Abstraction is a very important element of object oriented software development and is used in the design phase to find a suitable hierarchy for a set of classes.

Booch describes abstraction in the following way:

"The essential characteristics of an object that distinguish it from all other kinds of objects and thus provide crisply-defined conceptual boundaries relative to the perspective of the viewer; the process of focusing upon the essential characteristics of an object. [...]"

[BOO91, p. 512]

As the definition says, abstractions are "relative to the perspective of the viewer", what means that it depends a lot on the problem domain for which a class structure shall be created.

The search for abstractions starts after the objects of the problem domain have been found in the analysis phase. What follows is the most difficult and critical part of the development process, because the design of the abstraction levels determines the quality of the whole system.


Suppose, the result of the analysis phase were the following objects:

sports car

mountain bike



school bus





Obviously, the objects represent different kinds of vehicles. By realizing that fact, we have found our first abstraction and will take a class "vehicles" as the base class of our hierarchy.

A first attempt in building a hierarchy may look like:

First attempt in building a class hierarchy
First attempt in building a class hierarchy

What can be said about this hierarchy is: "Don't try this at home!". Although it contains all objects and therefore it's "correct", it is not very intelligent. An evident violation of the abstraction principle is, for example, that a "sports car" can be found on the same level as a "Ferrari" and a "Lotus". This must be wrong, because they both are kinds of a "sports car".

So we change our hierarchy to the following:

Second attempt in building a class hierarchy
Second attempt in building a class hierarchy

Now we have got a more structured hierarchy with the subclasses "bikes", "sports cars" and "transporters". But they are still too specific. For instance, if a new object "Rolls Royce" is to be added to the hierarchy, where should it be inserted, for it is no sports car?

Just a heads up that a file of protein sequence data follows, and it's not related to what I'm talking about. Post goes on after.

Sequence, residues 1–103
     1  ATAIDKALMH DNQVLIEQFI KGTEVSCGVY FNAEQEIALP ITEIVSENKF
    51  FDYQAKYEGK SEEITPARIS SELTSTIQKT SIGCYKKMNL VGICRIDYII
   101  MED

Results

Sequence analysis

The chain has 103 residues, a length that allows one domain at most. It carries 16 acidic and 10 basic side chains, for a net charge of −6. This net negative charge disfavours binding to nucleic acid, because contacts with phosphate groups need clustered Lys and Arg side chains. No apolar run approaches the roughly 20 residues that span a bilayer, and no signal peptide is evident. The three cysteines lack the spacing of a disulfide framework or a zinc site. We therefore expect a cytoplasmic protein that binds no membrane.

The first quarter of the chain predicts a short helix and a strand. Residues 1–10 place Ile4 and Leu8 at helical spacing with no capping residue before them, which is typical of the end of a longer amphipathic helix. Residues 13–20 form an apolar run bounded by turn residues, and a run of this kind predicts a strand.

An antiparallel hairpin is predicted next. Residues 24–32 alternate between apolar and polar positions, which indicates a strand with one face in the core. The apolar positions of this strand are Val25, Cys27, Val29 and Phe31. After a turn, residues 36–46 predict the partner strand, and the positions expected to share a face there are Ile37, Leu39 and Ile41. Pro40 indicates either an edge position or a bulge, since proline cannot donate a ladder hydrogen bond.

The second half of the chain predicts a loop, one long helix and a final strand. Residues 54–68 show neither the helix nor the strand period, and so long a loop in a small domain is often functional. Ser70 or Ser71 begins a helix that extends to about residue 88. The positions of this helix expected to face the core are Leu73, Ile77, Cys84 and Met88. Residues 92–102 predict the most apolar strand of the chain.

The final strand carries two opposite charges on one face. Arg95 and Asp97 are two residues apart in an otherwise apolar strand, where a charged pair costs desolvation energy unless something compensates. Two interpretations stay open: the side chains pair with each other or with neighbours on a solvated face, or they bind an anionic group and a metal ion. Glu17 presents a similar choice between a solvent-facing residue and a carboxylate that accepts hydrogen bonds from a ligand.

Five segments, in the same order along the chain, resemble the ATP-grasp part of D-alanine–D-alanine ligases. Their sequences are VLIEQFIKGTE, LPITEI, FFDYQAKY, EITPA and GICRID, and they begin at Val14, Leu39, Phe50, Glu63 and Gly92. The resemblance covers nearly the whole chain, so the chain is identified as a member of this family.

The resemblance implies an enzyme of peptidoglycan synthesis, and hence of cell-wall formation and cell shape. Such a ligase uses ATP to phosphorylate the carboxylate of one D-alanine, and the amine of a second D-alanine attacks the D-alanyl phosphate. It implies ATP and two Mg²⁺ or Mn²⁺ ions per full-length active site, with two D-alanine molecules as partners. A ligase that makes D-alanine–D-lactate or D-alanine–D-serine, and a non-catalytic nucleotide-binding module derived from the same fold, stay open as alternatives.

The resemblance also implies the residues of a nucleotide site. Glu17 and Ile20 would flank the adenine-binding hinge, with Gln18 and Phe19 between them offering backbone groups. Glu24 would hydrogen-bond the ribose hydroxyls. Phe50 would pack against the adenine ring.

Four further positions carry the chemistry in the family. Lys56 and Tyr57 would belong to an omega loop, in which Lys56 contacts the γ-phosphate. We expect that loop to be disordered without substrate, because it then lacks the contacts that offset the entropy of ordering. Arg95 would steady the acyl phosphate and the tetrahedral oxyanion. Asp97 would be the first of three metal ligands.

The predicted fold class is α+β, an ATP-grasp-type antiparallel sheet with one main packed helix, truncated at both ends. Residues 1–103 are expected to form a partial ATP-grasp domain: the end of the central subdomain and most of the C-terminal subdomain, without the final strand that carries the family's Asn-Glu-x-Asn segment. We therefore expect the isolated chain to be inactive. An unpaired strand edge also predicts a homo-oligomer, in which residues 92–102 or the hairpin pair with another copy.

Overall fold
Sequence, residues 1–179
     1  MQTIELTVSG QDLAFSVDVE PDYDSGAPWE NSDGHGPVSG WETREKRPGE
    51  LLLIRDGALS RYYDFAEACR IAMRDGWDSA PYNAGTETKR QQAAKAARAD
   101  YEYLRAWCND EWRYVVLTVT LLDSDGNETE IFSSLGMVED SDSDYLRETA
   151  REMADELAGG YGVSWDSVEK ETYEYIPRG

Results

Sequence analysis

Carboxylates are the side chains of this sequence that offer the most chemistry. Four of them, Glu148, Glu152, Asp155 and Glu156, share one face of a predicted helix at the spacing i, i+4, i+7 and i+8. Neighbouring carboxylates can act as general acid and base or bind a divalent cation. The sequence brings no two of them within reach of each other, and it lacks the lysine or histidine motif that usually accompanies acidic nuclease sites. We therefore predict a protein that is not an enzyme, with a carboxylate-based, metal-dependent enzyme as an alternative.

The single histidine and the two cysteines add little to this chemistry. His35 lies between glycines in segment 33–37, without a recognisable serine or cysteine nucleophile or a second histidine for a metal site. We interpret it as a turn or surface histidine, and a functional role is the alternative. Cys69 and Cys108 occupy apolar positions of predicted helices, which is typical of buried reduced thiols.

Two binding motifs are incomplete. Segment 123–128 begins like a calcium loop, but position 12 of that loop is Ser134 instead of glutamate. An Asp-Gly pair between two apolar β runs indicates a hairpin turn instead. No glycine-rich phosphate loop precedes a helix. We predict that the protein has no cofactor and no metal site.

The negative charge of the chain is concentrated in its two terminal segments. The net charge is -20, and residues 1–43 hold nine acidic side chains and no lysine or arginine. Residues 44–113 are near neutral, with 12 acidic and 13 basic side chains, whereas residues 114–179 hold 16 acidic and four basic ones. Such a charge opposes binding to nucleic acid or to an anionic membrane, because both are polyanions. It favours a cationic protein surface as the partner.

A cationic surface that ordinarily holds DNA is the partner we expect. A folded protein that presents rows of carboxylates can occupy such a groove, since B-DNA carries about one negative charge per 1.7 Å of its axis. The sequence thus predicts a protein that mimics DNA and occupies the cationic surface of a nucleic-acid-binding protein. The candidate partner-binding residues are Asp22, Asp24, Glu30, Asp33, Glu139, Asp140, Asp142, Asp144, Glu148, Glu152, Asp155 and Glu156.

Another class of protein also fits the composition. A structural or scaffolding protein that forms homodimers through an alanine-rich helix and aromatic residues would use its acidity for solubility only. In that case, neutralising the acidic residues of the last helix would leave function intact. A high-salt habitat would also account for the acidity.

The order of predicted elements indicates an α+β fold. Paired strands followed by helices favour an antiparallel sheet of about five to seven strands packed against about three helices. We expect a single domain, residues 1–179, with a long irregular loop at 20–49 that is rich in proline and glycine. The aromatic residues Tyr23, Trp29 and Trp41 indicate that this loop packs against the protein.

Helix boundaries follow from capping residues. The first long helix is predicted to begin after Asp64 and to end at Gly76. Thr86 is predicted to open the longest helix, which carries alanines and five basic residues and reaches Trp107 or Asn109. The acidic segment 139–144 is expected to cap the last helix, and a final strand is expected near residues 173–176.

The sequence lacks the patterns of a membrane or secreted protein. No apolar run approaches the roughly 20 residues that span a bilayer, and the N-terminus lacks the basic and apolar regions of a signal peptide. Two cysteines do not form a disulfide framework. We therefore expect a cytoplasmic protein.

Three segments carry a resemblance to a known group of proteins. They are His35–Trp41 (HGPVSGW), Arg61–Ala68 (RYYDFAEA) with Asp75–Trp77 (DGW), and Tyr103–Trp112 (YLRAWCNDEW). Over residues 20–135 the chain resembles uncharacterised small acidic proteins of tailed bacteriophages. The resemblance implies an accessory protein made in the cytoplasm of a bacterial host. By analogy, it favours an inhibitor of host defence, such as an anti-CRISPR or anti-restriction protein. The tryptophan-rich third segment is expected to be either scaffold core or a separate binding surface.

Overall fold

We rearrange our structure by introducing a new class "cars":

An important abstraction: The new class 'cars'
An important abstraction: The new class "cars"

Now there are four levels of abstraction. The new class "cars" may contain the properties that are common to all of its subclasses. But there is still something wrong with our sports cars and limousines. As you can see, they are arranged on the same abstraction level as, for example, a "truck". But a truck is a more abstract thing than a Ferrari or a Rolls Royce.

We try to improve our hierarchy by doing another abstraction:

A new abstraction: The class 'private motorcars'
A new abstraction: The class "private motorcars"

The fifth abstraction level had been created and our class hierarchy is now much more structured than it was at our first attempt, but is still far from being finished.

This was an example of the abstractioning process that should only demonstrate, how a class hierarchy can be built up and which thoughts have to be made.

The next sections consist of my class hierarchy for neural networks.

Because neural nets are themselves abstract things, the design process was, literally, an "abstraction of abstractions" and, unlike the previous example, took me a few more attempts to get any results.

Neural Net Components in an Object Oriented Class Structure